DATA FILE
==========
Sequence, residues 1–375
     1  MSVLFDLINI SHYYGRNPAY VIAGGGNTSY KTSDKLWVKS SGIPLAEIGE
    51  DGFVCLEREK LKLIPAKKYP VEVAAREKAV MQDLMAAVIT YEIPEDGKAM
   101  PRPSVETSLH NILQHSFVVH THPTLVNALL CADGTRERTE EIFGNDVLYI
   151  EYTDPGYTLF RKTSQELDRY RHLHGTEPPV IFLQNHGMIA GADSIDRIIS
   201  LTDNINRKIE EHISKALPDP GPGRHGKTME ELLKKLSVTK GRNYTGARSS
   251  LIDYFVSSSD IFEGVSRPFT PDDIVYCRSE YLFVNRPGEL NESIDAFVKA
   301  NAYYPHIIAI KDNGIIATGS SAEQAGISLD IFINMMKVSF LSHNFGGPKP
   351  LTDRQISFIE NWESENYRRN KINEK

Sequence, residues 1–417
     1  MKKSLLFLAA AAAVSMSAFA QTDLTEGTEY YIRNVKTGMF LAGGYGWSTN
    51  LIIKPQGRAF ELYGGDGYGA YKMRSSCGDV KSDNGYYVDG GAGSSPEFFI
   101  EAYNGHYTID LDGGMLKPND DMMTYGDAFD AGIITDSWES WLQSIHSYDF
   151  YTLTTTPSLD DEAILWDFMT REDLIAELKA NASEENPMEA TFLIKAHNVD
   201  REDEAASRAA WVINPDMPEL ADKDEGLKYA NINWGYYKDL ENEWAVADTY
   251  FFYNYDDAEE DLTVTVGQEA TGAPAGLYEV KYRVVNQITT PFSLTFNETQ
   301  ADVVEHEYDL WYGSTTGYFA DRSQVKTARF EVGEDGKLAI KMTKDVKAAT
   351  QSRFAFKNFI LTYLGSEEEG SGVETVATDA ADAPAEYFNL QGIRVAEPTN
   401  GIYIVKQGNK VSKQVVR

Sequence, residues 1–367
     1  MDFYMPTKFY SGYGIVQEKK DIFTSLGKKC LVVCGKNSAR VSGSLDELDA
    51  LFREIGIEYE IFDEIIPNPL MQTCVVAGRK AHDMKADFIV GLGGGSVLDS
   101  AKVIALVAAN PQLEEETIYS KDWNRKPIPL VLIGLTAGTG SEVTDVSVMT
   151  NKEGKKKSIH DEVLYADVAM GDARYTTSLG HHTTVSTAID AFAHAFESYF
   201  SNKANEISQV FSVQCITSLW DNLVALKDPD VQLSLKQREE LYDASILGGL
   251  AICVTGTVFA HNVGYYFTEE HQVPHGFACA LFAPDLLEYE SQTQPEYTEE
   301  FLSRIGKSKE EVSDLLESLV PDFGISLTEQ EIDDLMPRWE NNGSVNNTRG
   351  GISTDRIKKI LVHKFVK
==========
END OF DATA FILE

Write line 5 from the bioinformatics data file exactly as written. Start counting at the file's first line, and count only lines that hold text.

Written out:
   151  EYTDPGYTLF RKTSQELDRY RHLHGTEPPV IFLQNHGMIA GADSIDRIIS